Seeing is Believing

In the wake of Ferguson, in the wake of Trayvon Martin and Oscar Grant and the 12-year-old boy with a pellet gun who was recently shot by a police officer in Cleveland and all the other young Black men killed because a White man found Mike Brown Posterthem threatening, it’s hard to know what to say. It’s hard to know what to say to my Black teenage daughter as we take the long way home from downtown Oakland to avoid protests that have started to turn violent. It’s hard to know what to say to Black friends who are grieving publicly on Facebook, who feel assaulted once again by a system which has betrayed them over and over. And it’s hard to know what to say to a good, kind-hearted White friend who feels that her police officer son is being defamed by complaints against the police, and says that we all experience racism, and that we should just all be nice to one another.

It’s hard to know what to say, and it’s hard not be impatient with people who seem hopelessly out of touch. I have to start by remembering that we all speak from what we know, what we experience, what we see. We speak as eye-witnesses to our own lives. Which means that for a lot of White people, racism doesn’t really exist, or exists only as a few isolated instances. After all, what most of us who are White see in our daily lives is that the police are there to keep us safe. What we see is that our walking down the street or driving a car is not a subject for police investigation. What we see is that the folks who turn to look at us in stores are wondering if we need help. That’s reality.

And if that’s your reality then rage against the police seems misplaced, unreasonable, unjustified. If the justice system has always looked to you like, well, justice, then protesters on the streets are threats to the public safety, not advocates pushing for public safety. We know what we see. Who we imagine the public to be are the people who look or dress or talk like us.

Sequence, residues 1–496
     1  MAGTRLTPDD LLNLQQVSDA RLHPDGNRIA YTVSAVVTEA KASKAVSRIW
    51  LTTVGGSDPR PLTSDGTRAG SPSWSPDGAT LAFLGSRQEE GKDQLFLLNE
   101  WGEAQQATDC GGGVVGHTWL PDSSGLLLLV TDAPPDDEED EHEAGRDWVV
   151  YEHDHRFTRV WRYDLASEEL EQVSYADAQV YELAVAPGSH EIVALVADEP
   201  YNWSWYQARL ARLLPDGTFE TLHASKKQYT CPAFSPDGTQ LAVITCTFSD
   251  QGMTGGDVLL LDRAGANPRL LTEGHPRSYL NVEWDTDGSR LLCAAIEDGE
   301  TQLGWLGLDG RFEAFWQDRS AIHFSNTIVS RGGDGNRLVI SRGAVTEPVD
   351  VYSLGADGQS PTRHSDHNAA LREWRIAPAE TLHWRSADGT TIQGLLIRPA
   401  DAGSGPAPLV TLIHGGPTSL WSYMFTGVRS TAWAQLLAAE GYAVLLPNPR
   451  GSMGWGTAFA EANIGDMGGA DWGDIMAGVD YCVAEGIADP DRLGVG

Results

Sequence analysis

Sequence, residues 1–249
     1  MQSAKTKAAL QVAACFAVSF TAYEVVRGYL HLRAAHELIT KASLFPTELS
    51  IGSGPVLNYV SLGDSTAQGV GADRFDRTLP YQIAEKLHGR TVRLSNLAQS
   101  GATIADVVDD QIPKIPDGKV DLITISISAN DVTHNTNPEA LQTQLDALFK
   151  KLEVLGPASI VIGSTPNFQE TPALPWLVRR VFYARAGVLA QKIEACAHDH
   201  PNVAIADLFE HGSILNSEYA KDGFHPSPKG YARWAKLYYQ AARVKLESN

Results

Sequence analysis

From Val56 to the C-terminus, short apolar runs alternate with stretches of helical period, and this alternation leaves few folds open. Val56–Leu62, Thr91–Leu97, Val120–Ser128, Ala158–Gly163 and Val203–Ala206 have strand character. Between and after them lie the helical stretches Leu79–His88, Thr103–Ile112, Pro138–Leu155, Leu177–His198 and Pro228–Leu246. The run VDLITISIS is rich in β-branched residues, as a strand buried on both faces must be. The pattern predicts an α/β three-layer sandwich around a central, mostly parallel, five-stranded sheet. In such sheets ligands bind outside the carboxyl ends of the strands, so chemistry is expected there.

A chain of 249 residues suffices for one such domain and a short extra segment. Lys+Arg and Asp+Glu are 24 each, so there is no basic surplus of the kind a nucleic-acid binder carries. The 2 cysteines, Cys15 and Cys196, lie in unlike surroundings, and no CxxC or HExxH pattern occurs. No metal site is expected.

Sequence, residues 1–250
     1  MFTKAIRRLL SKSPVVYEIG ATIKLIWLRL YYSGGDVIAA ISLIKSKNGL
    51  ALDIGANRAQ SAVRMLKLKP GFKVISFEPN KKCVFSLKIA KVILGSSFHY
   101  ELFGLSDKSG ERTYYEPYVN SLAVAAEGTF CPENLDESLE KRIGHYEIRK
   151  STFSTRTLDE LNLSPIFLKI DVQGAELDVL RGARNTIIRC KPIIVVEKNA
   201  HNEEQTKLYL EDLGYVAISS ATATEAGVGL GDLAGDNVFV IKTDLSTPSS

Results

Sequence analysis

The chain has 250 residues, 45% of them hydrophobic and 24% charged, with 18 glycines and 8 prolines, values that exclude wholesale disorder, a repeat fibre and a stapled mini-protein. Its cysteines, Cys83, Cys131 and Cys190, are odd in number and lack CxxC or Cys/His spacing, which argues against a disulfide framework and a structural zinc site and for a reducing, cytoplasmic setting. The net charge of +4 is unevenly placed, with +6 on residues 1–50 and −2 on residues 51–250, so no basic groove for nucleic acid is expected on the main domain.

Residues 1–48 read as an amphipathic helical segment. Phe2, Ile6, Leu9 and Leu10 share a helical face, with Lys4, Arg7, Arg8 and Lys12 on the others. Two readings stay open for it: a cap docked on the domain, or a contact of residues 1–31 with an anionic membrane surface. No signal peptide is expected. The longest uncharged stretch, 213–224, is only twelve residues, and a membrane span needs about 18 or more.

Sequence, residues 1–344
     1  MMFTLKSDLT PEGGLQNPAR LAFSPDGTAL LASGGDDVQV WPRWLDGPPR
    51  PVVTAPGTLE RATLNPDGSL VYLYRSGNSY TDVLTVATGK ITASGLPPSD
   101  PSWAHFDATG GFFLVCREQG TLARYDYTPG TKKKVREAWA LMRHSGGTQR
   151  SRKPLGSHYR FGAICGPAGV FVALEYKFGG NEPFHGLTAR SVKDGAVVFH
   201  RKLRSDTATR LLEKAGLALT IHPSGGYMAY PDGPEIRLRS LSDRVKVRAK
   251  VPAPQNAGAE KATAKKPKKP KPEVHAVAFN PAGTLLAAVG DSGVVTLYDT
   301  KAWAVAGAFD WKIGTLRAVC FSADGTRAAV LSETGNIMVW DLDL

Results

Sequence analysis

I suspect that everyone who drives has been in the position of wanting to tell off the idiot who has come to a complete stop in the middle of the street in front of us. Maybe we honk our horn, or just sit there grumbling about the rude, clueless twit blocking our way for no reason—until we finally see the pedestrian crossing past the vehicle that was blocking our view. It turns out that the driver in front of us could see something that we couldn’t, was acting on information that we didn’t have.

Perhaps the first step into conversation about Ferguson, about race, is to find ways to see around the corner, to see the things that aren’t right in front of us. It isn’t easy. The folks with the privilege have every habit of assuming what they see is the “real world,” and every incentive to stay in that comfortable world. The tricky part is that it’s really the job of the White people to help other White people see around the corner. There are many terrific books and blog posts and articles by people of color about their experiences, and White folks would do well to read them. But ultimately it is the responsibility of the White people who’ve caught a glimpse of the pedestrian in the road to help other White people see what is beyond their field of vision. Even when it’s uncomfortable. Even when you don’t quite know how to do it. Even when you’re pointing toward something that’s not altogether clear to you.

Maybe it’s enough to just ask everyone to enter the conversation aware that the fact that you don’t see something doesn’t mean it isn’t there.

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